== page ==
4. I am a member of our A&AR (30th Degree) and also an Honorary 32nd Degree A&ASR Mason I cannot be a member because that is not allowed! However I was granted this honour a few years ago
  5. nymaso3 (17/04/2017)norwichman (17/04/2017)Trouillogan (17/04/2017) I am not qualified to say anything about the American system except to say that, whereas in England, Wales Scotland and Ireland, the 33rd degree is very rare and difficult to achieve, it appears to be quite commonly conferred in America and seems to differ from ours, because there are, I understand, restrictions preventing American 33rd degree masons from attending our 33rd degree ceremonial. This is not quite right, whilst in The USA both The Southern & Northern Jurisdictions confer The 32nd Degree quite easily the 33rd is as rare in The US as it is over here, also while The US do confer the 32nd quickly they insist on everyone attending all the degrees worked when they are in full form, so you can be a 32nd Degree Mason but you would be expected to participate in all the ceremonies worked between 3 & 32 which is a lot more than worked in Te UK and Ireland. Contrary to popular belief (and I am not saying you Trou believe this) American masonry and masons take these degrees extremely seriously.Just wondering, is the 18th degree ceremony (Rose-Croix) worked in full in US and UK? Does the candidate have an active role in the ceremony?The 18th Degree is just one of the degrees that is worked in their system, when it is worked it is worked in full, although in most cases all ceremonies are more like our 30th where there are several candidates and normally one who will participate in full
  6. Trouillogan (17/04/2017) I am not qualified to say anything about the American system except to say that, whereas in England, Wales Scotland and Ireland, the 33rd degree is very rare and difficult to achieve, it appears to be quite commonly conferred in America and seems to differ from ours, because there are, I understand, restrictions preventing American 33rd degree masons from attending our 33rd degree ceremonial. This is not quite right, whilst in The USA both The Southern & Northern Jurisdictions confer The 32nd Degree quite easily the 33rd is as rare in The US as it is over here, also while The US do confer the 32nd quickly they insist on everyone attending all the degrees worked when they are in full form, so you can be a 32nd Degree Mason but you would be expected to participate in all the ceremonies worked between 3 & 32 which is a lot more than worked in Te UK and Ireland. Contrary to popular belief (and I am not saying you Trou believe this) American masonry and masons take these degrees extremely seriously.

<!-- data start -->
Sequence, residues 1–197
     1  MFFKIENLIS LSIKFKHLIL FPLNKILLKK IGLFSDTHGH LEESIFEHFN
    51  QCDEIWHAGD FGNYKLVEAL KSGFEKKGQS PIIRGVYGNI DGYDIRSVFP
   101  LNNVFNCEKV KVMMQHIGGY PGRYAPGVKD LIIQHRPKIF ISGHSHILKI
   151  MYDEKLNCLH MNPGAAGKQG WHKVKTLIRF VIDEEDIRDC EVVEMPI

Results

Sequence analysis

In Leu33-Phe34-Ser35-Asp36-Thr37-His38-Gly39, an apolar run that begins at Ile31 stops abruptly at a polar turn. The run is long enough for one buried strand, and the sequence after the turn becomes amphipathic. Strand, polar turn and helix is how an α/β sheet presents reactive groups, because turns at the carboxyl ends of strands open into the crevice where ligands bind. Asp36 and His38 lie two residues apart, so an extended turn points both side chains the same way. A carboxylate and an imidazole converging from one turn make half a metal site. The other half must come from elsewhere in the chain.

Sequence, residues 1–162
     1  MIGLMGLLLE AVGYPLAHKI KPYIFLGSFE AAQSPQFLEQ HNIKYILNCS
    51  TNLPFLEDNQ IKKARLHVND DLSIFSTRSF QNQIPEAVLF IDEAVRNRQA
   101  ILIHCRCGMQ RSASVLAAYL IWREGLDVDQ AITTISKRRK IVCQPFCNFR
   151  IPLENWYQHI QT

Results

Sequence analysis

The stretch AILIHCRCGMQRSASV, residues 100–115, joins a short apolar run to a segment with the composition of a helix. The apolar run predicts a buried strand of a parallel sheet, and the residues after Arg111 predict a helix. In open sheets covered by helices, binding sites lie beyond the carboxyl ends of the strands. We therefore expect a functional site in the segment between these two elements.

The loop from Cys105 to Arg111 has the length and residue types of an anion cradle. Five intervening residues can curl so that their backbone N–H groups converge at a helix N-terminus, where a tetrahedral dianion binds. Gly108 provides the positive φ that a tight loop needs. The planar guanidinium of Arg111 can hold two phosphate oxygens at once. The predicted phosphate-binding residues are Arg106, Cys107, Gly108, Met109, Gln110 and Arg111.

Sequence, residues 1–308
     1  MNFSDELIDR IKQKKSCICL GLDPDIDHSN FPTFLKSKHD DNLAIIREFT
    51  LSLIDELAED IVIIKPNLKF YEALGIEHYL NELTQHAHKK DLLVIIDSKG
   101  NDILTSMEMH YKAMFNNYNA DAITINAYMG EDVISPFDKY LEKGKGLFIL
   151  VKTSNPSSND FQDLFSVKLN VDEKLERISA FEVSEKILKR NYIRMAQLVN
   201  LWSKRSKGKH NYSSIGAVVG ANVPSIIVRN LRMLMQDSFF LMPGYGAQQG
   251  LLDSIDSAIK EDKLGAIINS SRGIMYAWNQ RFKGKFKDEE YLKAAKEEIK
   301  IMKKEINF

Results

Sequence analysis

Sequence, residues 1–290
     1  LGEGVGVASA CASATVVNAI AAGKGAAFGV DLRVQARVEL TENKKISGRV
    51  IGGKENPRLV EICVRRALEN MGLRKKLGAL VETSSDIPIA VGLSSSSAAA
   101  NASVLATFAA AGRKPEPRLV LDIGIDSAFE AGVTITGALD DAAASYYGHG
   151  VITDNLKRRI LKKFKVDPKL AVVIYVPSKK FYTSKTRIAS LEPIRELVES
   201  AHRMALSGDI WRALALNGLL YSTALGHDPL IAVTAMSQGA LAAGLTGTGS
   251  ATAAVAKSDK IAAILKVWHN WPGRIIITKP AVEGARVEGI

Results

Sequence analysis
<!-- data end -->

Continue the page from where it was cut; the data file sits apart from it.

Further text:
7. Lewis (15/04/2017)It's the completion of your Third Degree. 33 degrees in freemasonry! Hi LewisCan I ask you why you have written there are 33 degrees in Freemasonry?
  8. There is no official toast to members of The Royal Arch, however a lot of Lodge Masters do take wine with The members of Royal Arch, it just depends on the Lodge/Master. There is certainly no official line on it.I believe anyone considering 'spreading thier wings' should follow thier heart or gut feeling. Unless you are lucky enough to know someone who is in both or all the orders you are considering there is no point in asking, you will always get the reply join Chapter if they are only in Chapter, or join Mark if they are only in Mark etc. Then again I will not recommend any Order until I actually know the person asking for the advice because it is so easy to give wrong adviceGood luck on your journey